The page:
Hidden Danger - Who Else With Rheumatoid Arthritis Has Anemia?
By Nathan Wei
Rheumatoid arthritis (RA) is a chronic, inflammatory, systemic, autoimmune disease for which there is no known cure. It is a common disorder and affects more than 2.1 million Americans.
Because it is a systemic condition, it affects more than joints. Like other inflammatory conditions, RA causes anemia. The anemia is not the result of bleeding (although some patients treated with non-steroidal anti-inflammatory drugs can develop gastrointestinal bleeding), or deficiency of vitamin B12, folate, or iron.
This type of anemia is called the anemia of chronic disease (ACD).
Patients with RA who develop anemia are more likely to have more severe joint disease, worse quality of life indicators, and more severe disease.
As mentioned earlier, while m some patients with RA can develop an iron deficiency anemia as a result of non-steroidal anti-inflammatory drug therapy and subsequent gastrointestinal blood loss, most anemia (60%) associated with RA is due to ACD.
While it is difficult sometimes to differentiate iron deficiency anemia from ACD, there are laboratory characteristics that separate them. The key differentiating feature is that iron deficiency anemia is due to an absolute lack of iron. ACD is not due to iron deficiency- there's plenty of iron available; ACD is due to an inability to unlock the iron that is available.
Another complicating problem is that some patients with RA have both types of anemia.
ACD is due to systemic inflammation. The severity of ACD can be predicted by
the amount of elevation of laboratory markers of inflammation such as the
erythrocyte sedimentation rate ("sed rate") and the C- reactive protein (CRP).
In RA, many chemical mediators of inflammations, called cytokines, are overproduced. These cytokines inhibit the ability of iron stores to be used.
These inflammatory cytokines affect the production of red blood cells at different levels.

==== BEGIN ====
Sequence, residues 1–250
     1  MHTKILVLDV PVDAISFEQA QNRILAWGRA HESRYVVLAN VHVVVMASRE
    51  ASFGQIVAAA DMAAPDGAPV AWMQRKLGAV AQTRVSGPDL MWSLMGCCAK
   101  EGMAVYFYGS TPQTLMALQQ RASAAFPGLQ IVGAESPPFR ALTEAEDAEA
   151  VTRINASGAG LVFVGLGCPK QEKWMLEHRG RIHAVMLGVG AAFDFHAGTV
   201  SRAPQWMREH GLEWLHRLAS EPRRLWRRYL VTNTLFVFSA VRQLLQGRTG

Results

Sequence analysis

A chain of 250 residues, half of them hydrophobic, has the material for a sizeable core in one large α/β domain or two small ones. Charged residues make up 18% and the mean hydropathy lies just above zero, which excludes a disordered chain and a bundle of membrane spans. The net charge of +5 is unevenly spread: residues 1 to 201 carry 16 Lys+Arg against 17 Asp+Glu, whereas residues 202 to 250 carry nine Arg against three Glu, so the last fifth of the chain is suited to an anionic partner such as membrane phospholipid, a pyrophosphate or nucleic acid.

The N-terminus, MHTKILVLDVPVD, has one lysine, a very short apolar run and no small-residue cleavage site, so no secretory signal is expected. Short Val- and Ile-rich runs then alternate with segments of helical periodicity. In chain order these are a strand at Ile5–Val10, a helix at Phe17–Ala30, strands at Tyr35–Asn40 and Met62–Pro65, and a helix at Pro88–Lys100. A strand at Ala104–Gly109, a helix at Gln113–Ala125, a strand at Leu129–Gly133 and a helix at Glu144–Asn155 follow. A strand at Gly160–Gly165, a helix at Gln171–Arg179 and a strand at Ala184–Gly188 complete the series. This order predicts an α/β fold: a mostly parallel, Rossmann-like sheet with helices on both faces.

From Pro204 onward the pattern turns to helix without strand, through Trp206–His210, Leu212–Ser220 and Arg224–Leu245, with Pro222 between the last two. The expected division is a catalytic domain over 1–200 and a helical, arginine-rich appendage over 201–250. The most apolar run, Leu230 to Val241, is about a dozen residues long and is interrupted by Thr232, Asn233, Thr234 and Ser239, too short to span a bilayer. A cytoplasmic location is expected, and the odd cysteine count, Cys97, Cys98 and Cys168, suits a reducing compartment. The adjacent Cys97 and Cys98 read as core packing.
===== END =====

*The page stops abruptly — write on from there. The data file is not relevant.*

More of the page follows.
One inflammatory cytokine, interleukin-6 (IL-6) adversely affects iron utilization by causing increased production of hepcidin. Hepcidin is an inflammatory protein that prevents release of iron from cells called macrophages. It also reduces absorption of iron from the small intestine.
Other cytokines such as interferon-y and tumor necrosis factor (TNF) block the production of erythropoietin, a hormone that is critically needed for the production of red blood cells. In addition, TNF and interleukin-1 (IL-1) prevent the maturation of red blood cells.
The net effect is a marked reduction of iron available to make red cells.
Studies on anemia in rheumatoid arthritis have produced interesting data. Patients with ACD have more severe disease. If patients have a good response to RA treatment, the anemia improves at the same time. Some data exists that treatment of the ACD will also help improve the symptoms of RA.
The association of inflammatory mediators with the development of ACD indicates that anemia should be monitored during the course of therapy in patients with RA.
Newer biologic agents such as tocilizumab which block the effects of interleukin-6 may help with the resolution of ACD. Preliminary pilot data has shown that blockade of IL-6 in RA patients helps improve quality of life and improves fatigue coincident with the resolution of anemia.
About the Author: Nathan Wei, MD FACP FACR is a rheumatologist and Director of the Arthritis and Osteoporosis Center of Maryland. He is a Clinical Assistant Professor of Medicine at the University of Maryland School of Medicine. For more info: Arthritis Treatment